Digital Subscriber Lines (DSL) are used to deliver high-rate digital data over existing ordinary phone-lines. A new modulation technology called Discrete Multitone (DMT) allows the transmission of high speed data. DSL facilitates the simultaneous use of normal telephone services, ISDN, and high speed data transmission, e.g., video. DMT-based DSL can be seen as the transition from existing copper-lines to the future fiber-cables. This makes DSL economically interesting for the local telephone companies. They can offer customers high speed data services even before switching to fiber-optics.
DSL is a newly standardized transmission technology facilitating simultaneous use of normal telephone services, data transmission of 6 M bit/s in the downstream and Basic-rate Access (BRA). DSL can be seen as a FDM system in which the available bandwidth of a single copper-loop is divided into three parts. The base band occupied by POTS is split from the data channels by using a method which guarantees POTS services in the case of ADSL-system failure (e.g. passive filters).
The past decade has seen extensive growth of the telecommunications industry, with the increased popularity of the Internet and other data communication services. While offering the world many more services than were previously available, they are limited by the fact that they are being used on technology that was not designed for that purpose..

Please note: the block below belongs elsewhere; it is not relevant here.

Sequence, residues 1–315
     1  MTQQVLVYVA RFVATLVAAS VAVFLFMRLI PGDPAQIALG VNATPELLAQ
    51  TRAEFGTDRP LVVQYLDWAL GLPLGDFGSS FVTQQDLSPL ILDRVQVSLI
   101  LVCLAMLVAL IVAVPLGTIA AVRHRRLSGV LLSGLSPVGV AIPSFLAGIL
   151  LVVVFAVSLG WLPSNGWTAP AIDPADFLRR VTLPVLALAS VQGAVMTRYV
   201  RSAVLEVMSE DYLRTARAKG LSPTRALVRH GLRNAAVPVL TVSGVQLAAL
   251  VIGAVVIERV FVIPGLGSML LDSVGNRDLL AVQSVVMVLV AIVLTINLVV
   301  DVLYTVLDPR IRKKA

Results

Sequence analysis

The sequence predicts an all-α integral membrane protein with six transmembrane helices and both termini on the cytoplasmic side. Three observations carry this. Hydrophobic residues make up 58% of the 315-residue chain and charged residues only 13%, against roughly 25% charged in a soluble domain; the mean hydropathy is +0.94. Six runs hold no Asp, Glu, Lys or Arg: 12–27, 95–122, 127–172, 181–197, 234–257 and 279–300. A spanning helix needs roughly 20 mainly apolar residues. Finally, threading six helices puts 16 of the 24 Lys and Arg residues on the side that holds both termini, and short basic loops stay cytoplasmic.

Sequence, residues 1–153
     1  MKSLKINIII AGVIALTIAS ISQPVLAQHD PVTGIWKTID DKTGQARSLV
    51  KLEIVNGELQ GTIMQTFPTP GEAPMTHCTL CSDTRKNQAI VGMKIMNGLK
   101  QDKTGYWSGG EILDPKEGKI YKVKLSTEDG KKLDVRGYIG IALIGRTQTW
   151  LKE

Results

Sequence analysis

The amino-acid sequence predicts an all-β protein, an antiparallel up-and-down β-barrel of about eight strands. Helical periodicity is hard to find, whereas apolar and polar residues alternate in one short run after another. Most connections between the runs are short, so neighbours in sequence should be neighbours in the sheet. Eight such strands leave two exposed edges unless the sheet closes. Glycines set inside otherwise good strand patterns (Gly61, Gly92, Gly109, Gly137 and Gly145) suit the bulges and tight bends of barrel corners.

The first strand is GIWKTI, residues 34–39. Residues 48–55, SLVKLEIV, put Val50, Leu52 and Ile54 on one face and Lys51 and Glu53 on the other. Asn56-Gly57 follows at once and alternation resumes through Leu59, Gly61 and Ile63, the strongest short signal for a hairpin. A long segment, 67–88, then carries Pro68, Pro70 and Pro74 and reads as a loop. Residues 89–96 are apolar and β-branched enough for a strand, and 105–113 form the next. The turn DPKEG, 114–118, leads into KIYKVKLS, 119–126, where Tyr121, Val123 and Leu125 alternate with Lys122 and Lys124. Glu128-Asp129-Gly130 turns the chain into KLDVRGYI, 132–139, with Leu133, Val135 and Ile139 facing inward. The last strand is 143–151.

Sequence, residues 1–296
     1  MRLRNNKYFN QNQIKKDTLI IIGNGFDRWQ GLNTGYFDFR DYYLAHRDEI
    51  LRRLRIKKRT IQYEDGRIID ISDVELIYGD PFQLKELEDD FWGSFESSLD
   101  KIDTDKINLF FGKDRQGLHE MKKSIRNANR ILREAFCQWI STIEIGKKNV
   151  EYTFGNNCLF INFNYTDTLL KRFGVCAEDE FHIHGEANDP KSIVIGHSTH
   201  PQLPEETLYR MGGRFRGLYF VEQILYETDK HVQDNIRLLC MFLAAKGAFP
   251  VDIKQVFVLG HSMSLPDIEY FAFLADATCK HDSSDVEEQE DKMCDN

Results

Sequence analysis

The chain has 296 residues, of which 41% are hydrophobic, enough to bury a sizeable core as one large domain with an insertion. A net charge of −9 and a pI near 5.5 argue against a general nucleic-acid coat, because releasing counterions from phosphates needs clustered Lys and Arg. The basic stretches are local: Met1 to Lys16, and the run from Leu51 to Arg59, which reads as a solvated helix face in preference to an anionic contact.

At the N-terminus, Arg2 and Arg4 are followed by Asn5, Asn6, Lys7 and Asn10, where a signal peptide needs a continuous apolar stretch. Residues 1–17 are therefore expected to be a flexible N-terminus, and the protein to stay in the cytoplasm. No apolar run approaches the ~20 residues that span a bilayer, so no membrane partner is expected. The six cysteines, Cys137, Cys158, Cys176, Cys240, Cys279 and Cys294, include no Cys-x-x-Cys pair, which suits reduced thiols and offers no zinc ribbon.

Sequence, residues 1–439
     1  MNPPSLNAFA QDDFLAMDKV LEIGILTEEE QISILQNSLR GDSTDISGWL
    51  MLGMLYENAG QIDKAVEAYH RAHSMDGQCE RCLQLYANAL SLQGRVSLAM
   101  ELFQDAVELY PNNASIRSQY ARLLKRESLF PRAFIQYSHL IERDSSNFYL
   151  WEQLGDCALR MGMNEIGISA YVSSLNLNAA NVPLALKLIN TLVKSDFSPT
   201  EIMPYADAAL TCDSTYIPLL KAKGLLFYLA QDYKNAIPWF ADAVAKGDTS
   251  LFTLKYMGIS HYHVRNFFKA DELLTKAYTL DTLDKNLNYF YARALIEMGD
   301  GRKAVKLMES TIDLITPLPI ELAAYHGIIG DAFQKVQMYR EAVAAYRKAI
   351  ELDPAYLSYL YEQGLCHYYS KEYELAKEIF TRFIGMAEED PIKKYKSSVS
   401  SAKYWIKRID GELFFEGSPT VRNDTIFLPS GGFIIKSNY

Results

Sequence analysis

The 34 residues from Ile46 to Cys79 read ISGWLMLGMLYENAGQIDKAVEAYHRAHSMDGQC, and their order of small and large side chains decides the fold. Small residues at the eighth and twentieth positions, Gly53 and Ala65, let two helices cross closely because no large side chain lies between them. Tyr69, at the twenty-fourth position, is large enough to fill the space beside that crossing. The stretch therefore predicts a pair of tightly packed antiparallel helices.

The majority of Internet users access their service via modems connects to the Plain Old Telephone System (POTS). In the early stages of the technology, modems were extremely slow by today’s standards, but this was not a major issue. A POTS connection provided an adequate medium for the relatively small amounts of data that required transmission, and so was the existing system was the logical choice over special cabling.
Technological advances have seen these rates increase up to a point where the average Internet user can now download at rates approaching 50Kbps, and send at 33.6Kps. However, POTS was designed for voice transmission, at frequencies below 3kHz, and this severely limits the obtainable data rates of the system. To increase performance of new online services, such as steaming audio and video, and improve general access speed, the bandwidth hungry public must therefore consider other alternatives. Technologies, such as ISDN or cable connections, have been in development for sometime but require special cabling. This makes them expensive to set up, and therefore have not been a viable alternative for most people.